1902 Encyclopedia > China > Chinese History (cont.) - Three Kingdoms (220-280); Jin Dynasty (265-420); Southern and Northern Dynasties (420-589).

(Part 29)


Imperial Era (221 BC - 1911 AD)

Three Kingdoms (220-280 AD). Jin Dynasty (265-420 AD). Southern and Northern Dynasties (420-589 AD).

Three Kingdoms (220-280 AD)

He was, however, opposed and defeated by Tsaou, another aspirant to imperial; honours whose son, Tsaou Pei, on the death of Heen-te (220 A.D.), proclaimed himself emperor, adopting the title of Wei as the appellation of his dynasty. But at the Same time there two other Richmonds in the the field, Lew Pei and Sun Keuen, and the strength of these three adventurers were so nearly equal that they agreed to divide the empire between them. Tsaou Pei, under the title of Wan-te, ruled oiver the kingdom of Wei (220), which occupied the whole of the central and northern portion of China. Lew Pei established the Shuh Han dynasty in the modern province of Sze-chuen (221), and called himself Chaou-lëe-te; and to Sun Jeuen Khan fell the southern provinces of the empire, from the Yang-tsze Keang south-wards, including the modern Tonguin, which he formed into the kingdom of Woo with Nan-king for his capital, and adopted for himself the imperial style of Ta-te (222 A.D.)

But China during the period of the "Three Kingdom" was a house divided against itself. Rivalries, the seeds of which had been sown at the time of the partition of territory, broke out more fiercely as soon as the courts were established. Lew Pei, as a descendant of the house of Han, looked upon himself as the rightful sovereign of the whole empire, and a despathched an army under the command of the celebrated general Choo-Leang to support his claims. This army met by an opposing force under the Wei commander Sze-ma E, of whom Chinese historians say that "he led armies like a god," and who, by adopting a Fabian policy, completely discomfited his adversary. But the close of this campaign brought no peace to the country. Wars became chronic, and by degrees the reins of power slipped out of the hands of emperors into those of their generals. Foremost among these were the members of the Sze-ma family of Wei.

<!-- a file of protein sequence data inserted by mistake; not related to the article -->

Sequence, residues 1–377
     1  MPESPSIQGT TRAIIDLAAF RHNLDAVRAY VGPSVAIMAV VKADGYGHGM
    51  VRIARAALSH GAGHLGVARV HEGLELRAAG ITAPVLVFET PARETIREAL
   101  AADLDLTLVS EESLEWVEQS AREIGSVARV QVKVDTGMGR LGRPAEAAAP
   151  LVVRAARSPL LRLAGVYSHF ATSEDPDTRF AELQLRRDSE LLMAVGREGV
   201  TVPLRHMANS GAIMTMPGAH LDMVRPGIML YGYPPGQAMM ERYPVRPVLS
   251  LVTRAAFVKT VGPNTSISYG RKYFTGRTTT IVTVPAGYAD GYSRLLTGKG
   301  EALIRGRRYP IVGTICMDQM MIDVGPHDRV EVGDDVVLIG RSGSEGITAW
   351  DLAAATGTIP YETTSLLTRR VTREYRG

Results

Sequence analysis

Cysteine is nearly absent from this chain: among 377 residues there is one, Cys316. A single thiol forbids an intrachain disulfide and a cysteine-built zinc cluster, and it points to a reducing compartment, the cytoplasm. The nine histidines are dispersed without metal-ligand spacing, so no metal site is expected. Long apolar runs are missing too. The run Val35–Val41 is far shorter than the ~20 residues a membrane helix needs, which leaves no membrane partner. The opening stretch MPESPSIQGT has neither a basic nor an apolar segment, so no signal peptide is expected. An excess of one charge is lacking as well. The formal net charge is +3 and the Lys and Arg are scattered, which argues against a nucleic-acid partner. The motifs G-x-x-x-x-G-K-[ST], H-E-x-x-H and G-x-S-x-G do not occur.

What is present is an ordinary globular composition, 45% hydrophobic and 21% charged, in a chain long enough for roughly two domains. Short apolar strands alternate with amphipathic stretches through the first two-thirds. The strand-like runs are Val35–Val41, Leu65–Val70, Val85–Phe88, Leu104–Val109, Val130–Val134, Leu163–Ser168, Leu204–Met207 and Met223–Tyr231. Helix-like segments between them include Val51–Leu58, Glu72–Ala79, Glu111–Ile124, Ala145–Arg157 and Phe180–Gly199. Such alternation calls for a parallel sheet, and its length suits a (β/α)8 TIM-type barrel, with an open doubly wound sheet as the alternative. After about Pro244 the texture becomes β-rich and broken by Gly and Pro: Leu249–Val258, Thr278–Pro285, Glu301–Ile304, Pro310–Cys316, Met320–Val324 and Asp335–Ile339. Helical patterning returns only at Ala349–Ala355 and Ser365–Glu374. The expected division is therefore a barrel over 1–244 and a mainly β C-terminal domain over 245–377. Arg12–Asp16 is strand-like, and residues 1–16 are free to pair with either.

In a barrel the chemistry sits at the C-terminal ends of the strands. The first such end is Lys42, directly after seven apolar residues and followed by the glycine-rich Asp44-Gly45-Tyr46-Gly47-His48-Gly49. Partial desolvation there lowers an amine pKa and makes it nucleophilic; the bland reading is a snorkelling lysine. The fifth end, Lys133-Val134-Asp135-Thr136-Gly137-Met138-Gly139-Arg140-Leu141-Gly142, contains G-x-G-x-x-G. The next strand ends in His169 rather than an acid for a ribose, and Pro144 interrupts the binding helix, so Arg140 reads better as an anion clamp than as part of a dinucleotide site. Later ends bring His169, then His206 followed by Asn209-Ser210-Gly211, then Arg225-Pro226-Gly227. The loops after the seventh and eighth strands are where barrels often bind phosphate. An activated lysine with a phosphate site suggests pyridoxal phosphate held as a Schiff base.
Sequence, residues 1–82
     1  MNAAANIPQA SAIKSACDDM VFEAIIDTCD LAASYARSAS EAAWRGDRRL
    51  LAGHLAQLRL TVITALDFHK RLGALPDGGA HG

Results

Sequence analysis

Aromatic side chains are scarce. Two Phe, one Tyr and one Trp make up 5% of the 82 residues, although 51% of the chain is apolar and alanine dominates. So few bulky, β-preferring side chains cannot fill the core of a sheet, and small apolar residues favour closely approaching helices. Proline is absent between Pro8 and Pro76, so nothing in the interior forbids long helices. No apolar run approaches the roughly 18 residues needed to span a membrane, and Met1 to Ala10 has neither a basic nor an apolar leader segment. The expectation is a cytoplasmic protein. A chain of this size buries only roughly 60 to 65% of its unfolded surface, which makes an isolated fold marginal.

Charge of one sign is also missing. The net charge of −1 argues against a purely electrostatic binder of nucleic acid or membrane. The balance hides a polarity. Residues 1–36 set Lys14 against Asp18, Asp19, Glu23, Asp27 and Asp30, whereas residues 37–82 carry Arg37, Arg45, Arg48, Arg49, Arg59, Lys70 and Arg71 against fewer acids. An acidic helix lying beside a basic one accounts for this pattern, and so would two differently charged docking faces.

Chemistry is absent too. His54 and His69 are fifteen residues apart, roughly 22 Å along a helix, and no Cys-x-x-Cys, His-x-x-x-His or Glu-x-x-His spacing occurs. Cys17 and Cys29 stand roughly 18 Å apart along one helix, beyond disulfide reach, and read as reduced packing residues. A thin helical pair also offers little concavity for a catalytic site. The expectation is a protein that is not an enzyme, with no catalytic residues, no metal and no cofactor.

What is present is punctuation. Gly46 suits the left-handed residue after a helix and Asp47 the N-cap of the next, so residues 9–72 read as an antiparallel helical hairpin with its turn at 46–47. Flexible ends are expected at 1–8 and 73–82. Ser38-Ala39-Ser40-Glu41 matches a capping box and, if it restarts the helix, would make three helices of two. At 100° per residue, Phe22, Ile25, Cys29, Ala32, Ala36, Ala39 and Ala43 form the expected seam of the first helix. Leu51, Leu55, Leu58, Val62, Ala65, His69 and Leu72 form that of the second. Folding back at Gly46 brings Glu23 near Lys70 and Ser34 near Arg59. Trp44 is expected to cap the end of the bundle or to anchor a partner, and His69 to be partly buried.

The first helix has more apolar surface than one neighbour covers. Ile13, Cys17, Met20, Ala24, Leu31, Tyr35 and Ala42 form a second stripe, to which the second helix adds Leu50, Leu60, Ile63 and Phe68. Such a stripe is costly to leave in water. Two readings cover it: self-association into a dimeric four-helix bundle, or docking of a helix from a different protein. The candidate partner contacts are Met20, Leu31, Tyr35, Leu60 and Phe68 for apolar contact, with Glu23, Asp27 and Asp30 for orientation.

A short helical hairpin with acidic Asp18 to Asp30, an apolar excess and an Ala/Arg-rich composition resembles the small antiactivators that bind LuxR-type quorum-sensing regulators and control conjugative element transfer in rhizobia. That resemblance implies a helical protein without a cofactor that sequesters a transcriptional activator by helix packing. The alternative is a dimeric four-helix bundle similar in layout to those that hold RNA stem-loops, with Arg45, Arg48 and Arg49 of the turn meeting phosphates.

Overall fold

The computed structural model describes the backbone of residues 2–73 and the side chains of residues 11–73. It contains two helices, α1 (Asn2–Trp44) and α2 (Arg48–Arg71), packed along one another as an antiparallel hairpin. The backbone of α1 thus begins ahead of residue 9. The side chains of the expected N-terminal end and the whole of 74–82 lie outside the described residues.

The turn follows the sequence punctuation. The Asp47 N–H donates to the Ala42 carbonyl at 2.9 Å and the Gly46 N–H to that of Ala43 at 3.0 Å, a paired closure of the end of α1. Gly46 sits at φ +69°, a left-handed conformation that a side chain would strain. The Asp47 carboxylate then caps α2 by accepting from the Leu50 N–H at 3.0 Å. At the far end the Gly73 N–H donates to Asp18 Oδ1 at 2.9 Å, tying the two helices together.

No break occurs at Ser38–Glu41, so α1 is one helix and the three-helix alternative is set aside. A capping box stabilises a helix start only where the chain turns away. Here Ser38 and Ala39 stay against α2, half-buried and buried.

Jin Dynasty (265-420 AD)

Sze-ma E left a son, Sze-ma Chaou scarcely less distinguished than he was himself, and when Sze-ma yen, who, finding the country ripe for a change, deposed the ruling sovereign of Wei, and proclaimed himself emperor of china (265 A.D.) His dynasty he styled the Western Tsin dynasty, and he adopted for himself the title of Woo-te. The most noticeable event in this reign was the advent of the ambassadors of the emperor Theodosius in 284. For some years the neigbouring states appear to have transferred their allegiance from the House of Wei to that of Tsin. But the condition of China at this time was such that no government could stand unless administered by an able and powerful chief. Woo-te’s successors failing to fulfill these conditions, the country soon fell again into disorder. The Heung-noo, encouraged by the decadence of the Chinese power, renewed incursions into the empire at the beginning of the 4th century, and in the confusion which followed on these attacks from without as well as those that were distracting the country from within, an adventurer named Lew Yuen established himself (in 311) as emperor, first at Ping-yang in Shan-se and afterwards in Lo-yang and Chang-gan. The history of this period is every chaotic. Numerous states sprung up into existence, some founded by the Heung-noo, and others by the Seen-pe tribe, a Tungusic clan inhabiting a territory to the north of China, and who afterwards establishing the Leaou dynasty in China. The hand of every man was against his neighbour. Nothing was lasting; and in 419 the Eastern Tsin dynasty, which had dragged on a chequered existence for nearly a century, came to an end, and with it disappeared for close on two hundred years all semblance of united authority.

Southern and Northern Dynasties (420-589 AD)

The country became divided into two parts, the north and the south. In the north four families reigned successively, two of which were of Seen-pe origin, viz., the Wei and the How Chow, the other two, the Pih Tse and the How Leang, being Chinese. In the south five different houses applied rulers, who were all the Chinese descent.

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